Firms should be able to know about the composition of their employees to make sure that any initiatives they introduce are moving things in the right direction. We had the gender pay gap report that came out a few years ago, and we've been taking steps to increase our female base at those higher levels of Aon. The Me myself and I campaign has given us an indicator of what our base looks like at the moment. As a result, Aon introduced putting your preferred pronoun in your email signature block a few weeks ago.
How was your experience with remote working at Aon?
Carol: I've always been an office person so I thought I was going to find it very hard to cope with remote work, but the work-life balance has been fantastic! As I've got an elderly mum, this allowed me to look after her, as she lives next door to me. Aon would give you time off to look after people; they are a fabulous company like that.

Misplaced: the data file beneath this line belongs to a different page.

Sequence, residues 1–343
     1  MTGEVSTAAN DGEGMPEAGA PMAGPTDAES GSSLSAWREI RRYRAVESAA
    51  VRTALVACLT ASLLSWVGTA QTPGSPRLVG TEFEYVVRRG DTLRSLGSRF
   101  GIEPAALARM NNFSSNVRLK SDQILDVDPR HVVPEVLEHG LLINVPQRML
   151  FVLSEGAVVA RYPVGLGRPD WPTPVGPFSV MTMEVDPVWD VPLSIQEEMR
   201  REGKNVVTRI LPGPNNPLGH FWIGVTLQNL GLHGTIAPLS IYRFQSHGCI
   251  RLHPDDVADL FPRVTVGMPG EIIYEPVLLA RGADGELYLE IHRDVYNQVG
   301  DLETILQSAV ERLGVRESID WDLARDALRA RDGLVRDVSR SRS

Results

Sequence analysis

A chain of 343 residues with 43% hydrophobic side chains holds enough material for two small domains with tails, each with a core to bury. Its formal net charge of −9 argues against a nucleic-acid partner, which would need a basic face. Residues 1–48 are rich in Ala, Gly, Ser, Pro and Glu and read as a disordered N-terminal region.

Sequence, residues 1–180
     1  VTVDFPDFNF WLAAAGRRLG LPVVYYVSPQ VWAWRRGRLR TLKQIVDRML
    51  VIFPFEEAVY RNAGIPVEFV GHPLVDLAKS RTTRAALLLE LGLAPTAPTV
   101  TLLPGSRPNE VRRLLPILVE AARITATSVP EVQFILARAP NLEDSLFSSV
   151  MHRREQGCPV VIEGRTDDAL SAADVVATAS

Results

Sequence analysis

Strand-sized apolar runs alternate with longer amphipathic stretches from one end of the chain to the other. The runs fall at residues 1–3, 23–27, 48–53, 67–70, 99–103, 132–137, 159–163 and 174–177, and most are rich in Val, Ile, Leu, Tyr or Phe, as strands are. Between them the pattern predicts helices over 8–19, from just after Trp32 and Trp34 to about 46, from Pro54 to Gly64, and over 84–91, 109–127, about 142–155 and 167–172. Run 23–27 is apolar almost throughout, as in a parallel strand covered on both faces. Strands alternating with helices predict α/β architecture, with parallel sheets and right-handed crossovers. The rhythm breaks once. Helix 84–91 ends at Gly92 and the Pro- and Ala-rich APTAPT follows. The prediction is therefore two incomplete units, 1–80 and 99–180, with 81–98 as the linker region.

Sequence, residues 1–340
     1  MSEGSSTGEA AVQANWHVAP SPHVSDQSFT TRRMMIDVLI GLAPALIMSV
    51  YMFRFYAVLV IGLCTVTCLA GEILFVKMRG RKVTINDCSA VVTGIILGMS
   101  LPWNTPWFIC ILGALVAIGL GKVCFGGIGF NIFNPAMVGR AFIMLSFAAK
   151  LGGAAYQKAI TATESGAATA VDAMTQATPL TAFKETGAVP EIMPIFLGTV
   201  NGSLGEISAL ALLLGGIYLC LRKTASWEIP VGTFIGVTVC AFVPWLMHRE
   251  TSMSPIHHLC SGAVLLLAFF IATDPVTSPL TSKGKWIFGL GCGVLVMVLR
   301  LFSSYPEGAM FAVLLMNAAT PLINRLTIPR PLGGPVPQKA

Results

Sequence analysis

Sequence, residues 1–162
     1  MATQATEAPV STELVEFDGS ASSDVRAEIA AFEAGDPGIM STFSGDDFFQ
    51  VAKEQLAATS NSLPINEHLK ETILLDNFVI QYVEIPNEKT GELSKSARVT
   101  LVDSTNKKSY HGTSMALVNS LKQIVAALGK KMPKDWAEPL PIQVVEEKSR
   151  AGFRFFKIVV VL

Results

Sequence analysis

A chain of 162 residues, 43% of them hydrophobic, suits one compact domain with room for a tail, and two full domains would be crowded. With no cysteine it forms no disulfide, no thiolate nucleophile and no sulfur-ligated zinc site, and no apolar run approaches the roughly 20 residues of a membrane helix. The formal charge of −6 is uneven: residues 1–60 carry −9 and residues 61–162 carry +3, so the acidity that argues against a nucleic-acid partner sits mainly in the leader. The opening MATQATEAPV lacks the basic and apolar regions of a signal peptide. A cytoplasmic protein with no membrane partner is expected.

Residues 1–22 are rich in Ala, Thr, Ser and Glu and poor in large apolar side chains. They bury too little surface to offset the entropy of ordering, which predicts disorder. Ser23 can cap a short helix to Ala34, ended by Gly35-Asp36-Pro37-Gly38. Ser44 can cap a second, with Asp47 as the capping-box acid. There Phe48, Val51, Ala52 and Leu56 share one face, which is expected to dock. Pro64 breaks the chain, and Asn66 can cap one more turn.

Josh: We've got open and honest routes of conversation at Aon. When we've looked at reopening offices, two routes were introduced to decide who returns to the office. We've got the business-critical, which identifies individuals who need to be in an office, and we've also got the wellbeing needs, which goes through the HR channel to assess the risk perspective. There's a flexible approach.
What does Pride Month represent to you?
Carol: What Pride means to me is inclusiveness. That's my one word for Pride Month. It is being together to celebrate getting over everything we have been through in these exceptional times.
Josh: Pride Month is such an opportunity to bring authenticity to everything we do. Who I am at home is who I bring to the office, and Pride is just one of those reminders of the steps that individuals have taken before us so that we can enjoy the environment that we are in today.